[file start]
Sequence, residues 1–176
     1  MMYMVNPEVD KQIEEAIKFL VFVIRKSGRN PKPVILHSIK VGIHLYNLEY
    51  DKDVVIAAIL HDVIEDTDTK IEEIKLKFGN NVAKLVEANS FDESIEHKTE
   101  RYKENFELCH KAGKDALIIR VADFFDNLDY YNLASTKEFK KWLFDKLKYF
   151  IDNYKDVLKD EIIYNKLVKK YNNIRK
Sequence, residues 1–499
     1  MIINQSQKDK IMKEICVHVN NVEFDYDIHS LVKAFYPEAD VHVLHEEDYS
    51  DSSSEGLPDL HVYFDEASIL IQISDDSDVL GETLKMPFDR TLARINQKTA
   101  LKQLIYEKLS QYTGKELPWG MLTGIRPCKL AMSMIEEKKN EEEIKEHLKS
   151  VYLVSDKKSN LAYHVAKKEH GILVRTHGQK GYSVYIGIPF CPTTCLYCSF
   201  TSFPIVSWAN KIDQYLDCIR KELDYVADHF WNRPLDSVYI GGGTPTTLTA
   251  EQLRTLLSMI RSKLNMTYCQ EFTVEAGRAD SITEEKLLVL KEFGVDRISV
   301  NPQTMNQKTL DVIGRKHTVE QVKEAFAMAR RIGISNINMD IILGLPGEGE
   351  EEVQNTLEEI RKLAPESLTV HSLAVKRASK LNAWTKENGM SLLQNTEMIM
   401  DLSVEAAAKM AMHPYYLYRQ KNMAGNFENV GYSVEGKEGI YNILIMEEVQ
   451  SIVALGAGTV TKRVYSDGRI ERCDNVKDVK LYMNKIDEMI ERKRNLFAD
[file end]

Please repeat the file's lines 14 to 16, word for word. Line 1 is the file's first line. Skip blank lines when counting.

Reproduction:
   351  EEVQNTLEEI RKLAPESLTV HSLAVKRASK LNAWTKENGM SLLQNTEMIM
   401  DLSVEAAAKM AMHPYYLYRQ KNMAGNFENV GYSVEGKEGI YNILIMEEVQ
   451  SIVALGAGTV TKRVYSDGRI ERCDNVKDVK LYMNKIDEMI ERKRNLFAD